12 Jul 2021: #HealthBytes: Know everything about that 'lump in the throat' feeling
Do you often experience a feeling of something being stuck in your throat especially during summers? With the COVID-19 raging worldwide, the smallest of symptoms associated with the throat or nose is enough to cause panic. However, what is this foreign sensation that strikes often, but has nothing to do with COVID-19? Read on to know in detail about globus pharyngeus.
Condition: Globus pharyngeus is similar to a choking sensation
The sensation of a lump being stuck in your throat or choking is called globus pharyngeus. The condition is observed in at least 4% of the patients that walk into an ENT clinic in a year. Globus pharyngeus can be persistent and tiresome to deal with. However, you may be surprised to know that even after multiple hospital visits, most patient gets no relief.
Causes: The condition may be attributed to several causes
The exact cause of globus pharyngeus is unknown and multiple factors have been attributed to it. These include the postnasal drip, gastroesophageal reflux, lingual tonsils, cricopharyngeal spasm, enlarged thyroid, chronic sinusitis, cervical osteophytes, a foreign body such as fish/chicken bone, anxiety, etc. Globus sensation is also often confused with dysphagia or odynophagia. Dysphagia being a difficulty in swallowing, while odynophagia is painful swallowing.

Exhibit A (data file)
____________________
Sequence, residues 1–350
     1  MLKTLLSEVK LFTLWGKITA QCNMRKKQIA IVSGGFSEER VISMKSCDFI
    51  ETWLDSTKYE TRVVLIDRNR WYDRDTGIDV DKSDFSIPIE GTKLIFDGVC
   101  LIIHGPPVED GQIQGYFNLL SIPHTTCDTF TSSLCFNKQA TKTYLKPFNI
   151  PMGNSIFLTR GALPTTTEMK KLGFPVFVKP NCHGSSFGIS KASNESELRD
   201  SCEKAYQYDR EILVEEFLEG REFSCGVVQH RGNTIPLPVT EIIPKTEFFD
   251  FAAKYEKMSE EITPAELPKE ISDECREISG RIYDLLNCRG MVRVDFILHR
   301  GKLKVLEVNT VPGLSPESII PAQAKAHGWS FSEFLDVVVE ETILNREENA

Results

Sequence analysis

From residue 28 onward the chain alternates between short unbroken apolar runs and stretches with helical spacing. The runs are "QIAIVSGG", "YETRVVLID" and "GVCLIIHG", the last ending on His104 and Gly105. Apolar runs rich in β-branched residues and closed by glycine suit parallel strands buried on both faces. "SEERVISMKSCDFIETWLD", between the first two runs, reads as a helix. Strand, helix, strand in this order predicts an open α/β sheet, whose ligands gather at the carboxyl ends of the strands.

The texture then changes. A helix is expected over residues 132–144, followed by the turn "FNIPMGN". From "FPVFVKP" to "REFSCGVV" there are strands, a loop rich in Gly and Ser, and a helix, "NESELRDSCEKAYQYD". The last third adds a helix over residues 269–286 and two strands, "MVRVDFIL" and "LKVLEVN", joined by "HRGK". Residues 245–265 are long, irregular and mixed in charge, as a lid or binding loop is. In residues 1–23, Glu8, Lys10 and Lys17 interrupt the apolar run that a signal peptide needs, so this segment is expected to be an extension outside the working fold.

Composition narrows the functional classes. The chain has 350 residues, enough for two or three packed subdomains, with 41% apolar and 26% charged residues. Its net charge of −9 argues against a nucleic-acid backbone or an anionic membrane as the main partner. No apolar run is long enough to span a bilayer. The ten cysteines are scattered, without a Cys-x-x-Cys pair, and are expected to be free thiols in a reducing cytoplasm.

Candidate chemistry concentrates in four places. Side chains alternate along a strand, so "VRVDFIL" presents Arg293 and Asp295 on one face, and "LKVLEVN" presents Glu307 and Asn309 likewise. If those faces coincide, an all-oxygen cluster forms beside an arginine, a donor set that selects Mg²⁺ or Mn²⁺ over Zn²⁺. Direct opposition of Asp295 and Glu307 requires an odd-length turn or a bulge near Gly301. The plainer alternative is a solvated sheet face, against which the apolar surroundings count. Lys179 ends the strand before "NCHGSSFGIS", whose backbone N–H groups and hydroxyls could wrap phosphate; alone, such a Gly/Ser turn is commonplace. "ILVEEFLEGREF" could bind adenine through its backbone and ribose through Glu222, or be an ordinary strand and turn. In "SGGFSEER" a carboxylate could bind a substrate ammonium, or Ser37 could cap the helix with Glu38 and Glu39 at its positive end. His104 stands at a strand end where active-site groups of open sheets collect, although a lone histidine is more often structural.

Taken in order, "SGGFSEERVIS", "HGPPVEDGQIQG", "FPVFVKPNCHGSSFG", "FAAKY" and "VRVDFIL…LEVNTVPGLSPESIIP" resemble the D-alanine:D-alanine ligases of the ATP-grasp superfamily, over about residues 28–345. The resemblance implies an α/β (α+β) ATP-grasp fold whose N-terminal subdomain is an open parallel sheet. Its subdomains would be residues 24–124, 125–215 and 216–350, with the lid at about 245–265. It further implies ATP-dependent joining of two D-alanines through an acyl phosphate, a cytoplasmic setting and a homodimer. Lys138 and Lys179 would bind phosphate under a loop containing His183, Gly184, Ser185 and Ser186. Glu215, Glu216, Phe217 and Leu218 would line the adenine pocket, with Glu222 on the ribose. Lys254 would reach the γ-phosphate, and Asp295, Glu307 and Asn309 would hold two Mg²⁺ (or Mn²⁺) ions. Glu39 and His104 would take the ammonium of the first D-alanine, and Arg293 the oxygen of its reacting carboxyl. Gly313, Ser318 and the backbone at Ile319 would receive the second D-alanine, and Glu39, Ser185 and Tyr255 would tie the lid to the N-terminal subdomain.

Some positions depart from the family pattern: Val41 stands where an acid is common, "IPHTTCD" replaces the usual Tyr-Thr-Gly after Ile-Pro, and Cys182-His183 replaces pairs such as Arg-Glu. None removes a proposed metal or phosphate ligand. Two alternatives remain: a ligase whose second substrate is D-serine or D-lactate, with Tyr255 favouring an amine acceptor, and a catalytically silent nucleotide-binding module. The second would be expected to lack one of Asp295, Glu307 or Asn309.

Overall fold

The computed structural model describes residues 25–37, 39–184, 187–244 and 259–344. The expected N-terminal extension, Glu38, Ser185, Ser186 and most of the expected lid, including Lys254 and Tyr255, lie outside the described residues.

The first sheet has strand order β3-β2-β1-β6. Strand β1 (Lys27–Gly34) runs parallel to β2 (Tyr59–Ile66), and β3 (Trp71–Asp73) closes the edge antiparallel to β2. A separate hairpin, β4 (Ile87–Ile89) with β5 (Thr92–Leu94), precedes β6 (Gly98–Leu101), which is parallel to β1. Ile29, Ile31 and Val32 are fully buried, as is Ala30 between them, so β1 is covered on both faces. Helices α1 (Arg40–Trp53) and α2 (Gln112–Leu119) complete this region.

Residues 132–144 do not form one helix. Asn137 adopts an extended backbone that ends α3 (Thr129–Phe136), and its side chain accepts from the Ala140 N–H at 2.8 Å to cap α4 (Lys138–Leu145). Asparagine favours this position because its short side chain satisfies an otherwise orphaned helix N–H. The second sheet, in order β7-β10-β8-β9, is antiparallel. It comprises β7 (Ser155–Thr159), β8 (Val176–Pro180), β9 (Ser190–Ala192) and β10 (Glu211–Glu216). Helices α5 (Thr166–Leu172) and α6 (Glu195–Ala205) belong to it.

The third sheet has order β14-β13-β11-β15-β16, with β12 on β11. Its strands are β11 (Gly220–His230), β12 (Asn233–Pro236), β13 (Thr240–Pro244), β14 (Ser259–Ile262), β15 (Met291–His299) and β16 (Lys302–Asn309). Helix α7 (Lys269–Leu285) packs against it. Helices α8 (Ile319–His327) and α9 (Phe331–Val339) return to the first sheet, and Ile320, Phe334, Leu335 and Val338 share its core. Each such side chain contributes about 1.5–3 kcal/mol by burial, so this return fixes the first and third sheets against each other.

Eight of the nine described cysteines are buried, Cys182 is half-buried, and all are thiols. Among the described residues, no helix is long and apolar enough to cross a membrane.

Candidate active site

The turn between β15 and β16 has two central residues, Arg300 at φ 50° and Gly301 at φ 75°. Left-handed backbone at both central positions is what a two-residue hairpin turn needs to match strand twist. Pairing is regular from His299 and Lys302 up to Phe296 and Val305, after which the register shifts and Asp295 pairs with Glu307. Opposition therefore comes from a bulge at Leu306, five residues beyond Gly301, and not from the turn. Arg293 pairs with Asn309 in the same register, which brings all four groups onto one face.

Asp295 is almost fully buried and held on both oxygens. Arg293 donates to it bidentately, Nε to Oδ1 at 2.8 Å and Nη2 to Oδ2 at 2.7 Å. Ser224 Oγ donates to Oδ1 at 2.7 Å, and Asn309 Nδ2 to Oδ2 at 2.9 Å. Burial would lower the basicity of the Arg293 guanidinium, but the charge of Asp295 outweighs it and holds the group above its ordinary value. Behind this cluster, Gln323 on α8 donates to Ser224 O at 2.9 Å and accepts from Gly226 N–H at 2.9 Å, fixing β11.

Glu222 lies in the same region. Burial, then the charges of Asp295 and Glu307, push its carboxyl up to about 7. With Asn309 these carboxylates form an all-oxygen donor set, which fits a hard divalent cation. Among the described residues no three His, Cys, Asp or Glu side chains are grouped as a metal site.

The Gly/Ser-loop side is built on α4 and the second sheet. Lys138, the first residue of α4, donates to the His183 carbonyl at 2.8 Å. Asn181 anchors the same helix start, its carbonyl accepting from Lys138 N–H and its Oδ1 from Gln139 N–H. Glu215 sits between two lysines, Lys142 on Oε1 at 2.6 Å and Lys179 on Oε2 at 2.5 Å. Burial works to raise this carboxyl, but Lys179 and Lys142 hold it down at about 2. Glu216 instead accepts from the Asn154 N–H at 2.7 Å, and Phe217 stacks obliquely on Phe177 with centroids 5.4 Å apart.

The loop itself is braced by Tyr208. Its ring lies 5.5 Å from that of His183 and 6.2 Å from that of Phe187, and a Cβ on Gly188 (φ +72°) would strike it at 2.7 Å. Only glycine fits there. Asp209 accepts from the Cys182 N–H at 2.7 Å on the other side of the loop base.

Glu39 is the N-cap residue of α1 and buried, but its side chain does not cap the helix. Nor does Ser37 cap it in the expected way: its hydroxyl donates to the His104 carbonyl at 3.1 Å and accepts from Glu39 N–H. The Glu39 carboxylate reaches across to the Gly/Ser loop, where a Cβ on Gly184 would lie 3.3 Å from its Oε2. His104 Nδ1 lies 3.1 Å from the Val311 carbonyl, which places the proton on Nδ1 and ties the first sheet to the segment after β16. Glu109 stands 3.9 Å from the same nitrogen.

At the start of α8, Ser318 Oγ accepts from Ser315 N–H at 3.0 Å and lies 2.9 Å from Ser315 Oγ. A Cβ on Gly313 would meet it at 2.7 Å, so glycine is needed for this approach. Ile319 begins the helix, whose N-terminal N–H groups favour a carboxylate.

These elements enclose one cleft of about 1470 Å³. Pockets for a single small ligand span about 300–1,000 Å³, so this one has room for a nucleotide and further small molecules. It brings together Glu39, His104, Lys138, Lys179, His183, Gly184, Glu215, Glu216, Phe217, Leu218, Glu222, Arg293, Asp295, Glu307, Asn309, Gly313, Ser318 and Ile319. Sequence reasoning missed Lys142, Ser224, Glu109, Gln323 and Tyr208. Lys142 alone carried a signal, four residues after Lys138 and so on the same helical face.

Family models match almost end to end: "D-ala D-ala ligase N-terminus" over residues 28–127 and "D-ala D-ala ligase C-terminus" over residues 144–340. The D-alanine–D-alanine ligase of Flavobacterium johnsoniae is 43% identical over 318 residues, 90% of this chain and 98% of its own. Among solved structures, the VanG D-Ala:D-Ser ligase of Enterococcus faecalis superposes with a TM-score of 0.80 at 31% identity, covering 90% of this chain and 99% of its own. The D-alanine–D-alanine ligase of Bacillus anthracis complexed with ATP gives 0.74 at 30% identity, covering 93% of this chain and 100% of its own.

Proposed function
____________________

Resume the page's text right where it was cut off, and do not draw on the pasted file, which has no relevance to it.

Tests: Examinations and tests involved in the diagnosis
When you consult an ENT specialist, a detailed medical history will be noted. This includes dietary habits, sleep schedule, smoking and alcohol intake, etc. The next step is a general physical examination, followed by a detailed evaluation of the ear, nose, and throat. The doctor will then draw differential diagnoses and advise tests like endoscopy, X-rays, ultrasound of the neck, etc. based on them.
Treatment: Treatment is carried out after a confirmed diagnosis
Since globus pharyngeus is only a symptom, its treatment is dictated by the diagnosis made by the doctor. Oftentimes, treatment of the anxiety that the condition induces also becomes necessary. In conclusion, I would like to emphasize that the symptom, "Doc, I have something stuck in my throat," is a vague symptom, with a multifactorial origin and its treatment likewise is multifaceted, too.
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